Begin the Journey Already

A perennial question came up the other day from someone interested to learn Tai Chi. This 60-year old chap wanted to know how fast he can master the art. I said that would be a question for him and how much time he is willing to put in daily for practice. He said that practicing an hour a day should not be a problem.

My students would know my philosophy to practice is anything less than an hour is just exercise. If you want to really master an art, any art, not just Tai Chi be prepared to put in at least 2 hours a day. Otherwise, all bets are off.

However, this chap was also reluctant to put in more hours per day because he didn’t want to practice the wrong thing. Therein lies the paradox. If you don’t take the first step or a few more steps you don’t know whether you are practicing wrongly or how much off course you.

For example, I got lost last week in a place where I should not get lost. On the map the place seemed easy to get to, at least by walking where its a straight line from the MRT exit. But by driving, where certain roads are one way I soon found myself going round and round. After 10 minutes of doing this and no nearer my destination the one thing I came away with was that I had a better sense of the area.

Then I decided since I had missed the appointed time I would drive around the area once more and keep going in one direction to see where I would end up. Soon I came to a junction and had to decide whether to turn left or turn right.

I filtered onto the lane to turn right only to regret it because from where I stopped the buildings on the right didn’t look familiar. I was wrong. Once I had turned right and drove on a bit I saw the name of a familiar columbarium. I knew where I was.

From there I drove back to the area that I was originally headed to. However, I was now on the main road and soon saw the road. If only I had turned right one traffic light down earlier when I was on the opposite of the road then I would not have gotten lost. In retrospect it was easy to know this. If I had not decided to come back to take another look I would not have known how near I really was yet turned out to be too far even though I was on the right track, or seemingly so.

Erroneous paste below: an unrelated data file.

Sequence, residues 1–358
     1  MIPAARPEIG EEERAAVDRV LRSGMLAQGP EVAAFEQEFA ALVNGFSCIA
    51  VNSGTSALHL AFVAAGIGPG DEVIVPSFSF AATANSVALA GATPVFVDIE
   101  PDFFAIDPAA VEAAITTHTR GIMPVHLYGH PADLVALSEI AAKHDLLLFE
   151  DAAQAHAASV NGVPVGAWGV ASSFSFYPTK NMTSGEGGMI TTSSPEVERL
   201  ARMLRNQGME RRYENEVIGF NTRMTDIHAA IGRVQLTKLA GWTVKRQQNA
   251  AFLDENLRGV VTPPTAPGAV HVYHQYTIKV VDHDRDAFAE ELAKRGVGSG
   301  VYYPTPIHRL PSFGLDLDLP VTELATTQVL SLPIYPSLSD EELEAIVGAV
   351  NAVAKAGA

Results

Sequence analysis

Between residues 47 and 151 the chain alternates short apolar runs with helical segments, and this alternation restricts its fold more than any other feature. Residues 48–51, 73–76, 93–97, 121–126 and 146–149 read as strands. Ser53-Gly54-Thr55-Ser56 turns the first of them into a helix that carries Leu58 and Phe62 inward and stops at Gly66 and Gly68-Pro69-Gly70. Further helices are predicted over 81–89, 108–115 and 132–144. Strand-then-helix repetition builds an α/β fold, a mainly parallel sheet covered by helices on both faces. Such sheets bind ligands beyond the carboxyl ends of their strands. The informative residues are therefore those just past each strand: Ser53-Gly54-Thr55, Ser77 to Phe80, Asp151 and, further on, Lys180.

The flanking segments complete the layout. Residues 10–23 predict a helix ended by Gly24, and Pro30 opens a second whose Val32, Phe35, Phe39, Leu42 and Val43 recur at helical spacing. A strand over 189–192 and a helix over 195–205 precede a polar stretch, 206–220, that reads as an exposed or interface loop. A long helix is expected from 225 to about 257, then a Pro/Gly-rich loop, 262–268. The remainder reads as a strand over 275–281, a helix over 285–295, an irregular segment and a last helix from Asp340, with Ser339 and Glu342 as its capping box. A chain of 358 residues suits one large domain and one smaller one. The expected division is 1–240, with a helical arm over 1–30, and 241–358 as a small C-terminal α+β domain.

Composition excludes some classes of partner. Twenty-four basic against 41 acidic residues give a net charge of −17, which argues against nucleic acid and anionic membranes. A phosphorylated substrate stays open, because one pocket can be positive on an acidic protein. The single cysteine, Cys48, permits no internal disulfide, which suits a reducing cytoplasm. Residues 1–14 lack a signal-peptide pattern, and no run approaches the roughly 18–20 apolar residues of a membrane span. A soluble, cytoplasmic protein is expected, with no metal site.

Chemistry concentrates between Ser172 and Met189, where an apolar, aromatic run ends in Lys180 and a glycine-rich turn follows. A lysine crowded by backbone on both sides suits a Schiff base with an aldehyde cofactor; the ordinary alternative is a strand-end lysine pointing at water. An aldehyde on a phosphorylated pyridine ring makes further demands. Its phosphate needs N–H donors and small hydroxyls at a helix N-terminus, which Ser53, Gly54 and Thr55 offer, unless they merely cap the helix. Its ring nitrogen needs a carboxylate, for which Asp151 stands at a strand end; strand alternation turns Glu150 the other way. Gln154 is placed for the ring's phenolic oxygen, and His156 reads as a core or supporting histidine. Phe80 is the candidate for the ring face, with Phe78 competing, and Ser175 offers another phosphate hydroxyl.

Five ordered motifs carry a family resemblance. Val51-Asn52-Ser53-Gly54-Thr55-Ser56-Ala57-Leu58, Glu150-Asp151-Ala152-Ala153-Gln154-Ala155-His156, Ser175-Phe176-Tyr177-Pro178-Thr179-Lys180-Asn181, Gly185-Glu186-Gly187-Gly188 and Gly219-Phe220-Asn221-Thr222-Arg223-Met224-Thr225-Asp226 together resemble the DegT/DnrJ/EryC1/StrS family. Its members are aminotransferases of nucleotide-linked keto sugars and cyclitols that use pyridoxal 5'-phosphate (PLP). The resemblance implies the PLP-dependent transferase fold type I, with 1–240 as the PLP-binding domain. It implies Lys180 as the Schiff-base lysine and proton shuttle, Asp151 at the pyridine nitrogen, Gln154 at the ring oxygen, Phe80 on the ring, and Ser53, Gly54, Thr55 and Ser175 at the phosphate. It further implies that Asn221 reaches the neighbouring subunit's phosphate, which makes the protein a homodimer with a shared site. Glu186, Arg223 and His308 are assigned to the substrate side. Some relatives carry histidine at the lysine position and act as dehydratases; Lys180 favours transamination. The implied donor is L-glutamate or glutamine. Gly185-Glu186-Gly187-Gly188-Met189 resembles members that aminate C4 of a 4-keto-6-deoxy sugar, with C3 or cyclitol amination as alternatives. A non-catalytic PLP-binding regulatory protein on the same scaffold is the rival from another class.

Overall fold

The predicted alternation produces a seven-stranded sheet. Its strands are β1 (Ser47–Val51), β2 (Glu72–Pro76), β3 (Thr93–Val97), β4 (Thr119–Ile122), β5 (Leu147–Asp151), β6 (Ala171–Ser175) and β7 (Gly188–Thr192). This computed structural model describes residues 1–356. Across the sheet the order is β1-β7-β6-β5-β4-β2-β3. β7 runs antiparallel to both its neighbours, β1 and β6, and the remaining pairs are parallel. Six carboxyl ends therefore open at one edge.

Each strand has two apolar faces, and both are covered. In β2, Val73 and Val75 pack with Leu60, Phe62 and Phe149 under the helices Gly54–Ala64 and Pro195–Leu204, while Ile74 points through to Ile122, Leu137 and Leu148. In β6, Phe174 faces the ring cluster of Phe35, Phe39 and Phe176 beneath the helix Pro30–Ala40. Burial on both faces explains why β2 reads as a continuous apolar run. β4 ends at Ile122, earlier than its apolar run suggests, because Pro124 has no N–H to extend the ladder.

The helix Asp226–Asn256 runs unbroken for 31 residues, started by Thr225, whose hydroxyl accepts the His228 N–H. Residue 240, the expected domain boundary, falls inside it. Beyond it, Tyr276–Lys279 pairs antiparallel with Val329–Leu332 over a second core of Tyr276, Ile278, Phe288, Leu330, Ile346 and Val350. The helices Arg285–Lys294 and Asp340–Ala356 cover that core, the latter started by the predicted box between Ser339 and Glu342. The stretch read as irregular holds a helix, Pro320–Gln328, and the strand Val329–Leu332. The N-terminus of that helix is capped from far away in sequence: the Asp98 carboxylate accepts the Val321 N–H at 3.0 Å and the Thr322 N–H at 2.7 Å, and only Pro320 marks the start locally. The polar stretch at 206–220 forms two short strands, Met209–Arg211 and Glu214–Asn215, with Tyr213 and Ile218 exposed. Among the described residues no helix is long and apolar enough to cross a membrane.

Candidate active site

In learning Tai Chi if you are a beginner you would not really know if you are learning the better or lesser method even if you are learning the best method. It is only through practice and testing that you would know where you stand. Scientists refer to this as building a baseline. Without a baseline, a reference to compare against you cannot make an informed assessment. It goes without saying that if you practice too little your baseline would not be representative of the norm and any assessment you make will also not be a good one.

A while back I asked a new student what principles he had learned that is in compliant to the art’s requirements. He said turn the waist. I smiled. If only it was so simple. This much was apparent when I saw the stuck out elbows, the absence of power lines, the lack of true coordination. If he didn’t know it then he would soon when I pointed them out and let him test his current structure in simple test of power issuance.

The next lesson we revisited these bad habits again. Some improvements but a lot more to work on. Some of these habits will take a while to eradicate and replace them with new ones. As always, the tests of structure plus application will reveal the advantages of doing things in a certain manner.

The first step in our journey to Master Tai Chi Today is only the beginning. We have to keep walking towards our objective to get there however far it may be. Whenever my students say the way I do something looks easy I always tell them that I have at least 10 years of practice so of course it would look effortless. They only have to keep walking forward and not worry too much about arriving at the destination and before they know it the effort put in would have been in the past and beginning to pay dividends today.


Want to learn Tai Chi in Singapore? At Singapore Tai Chi Yang Style (TaijiKinesis) lessons covering forms, weaponry, push hands, fajing and applications are offered. Lessons are conducted in English. Send enquiry today

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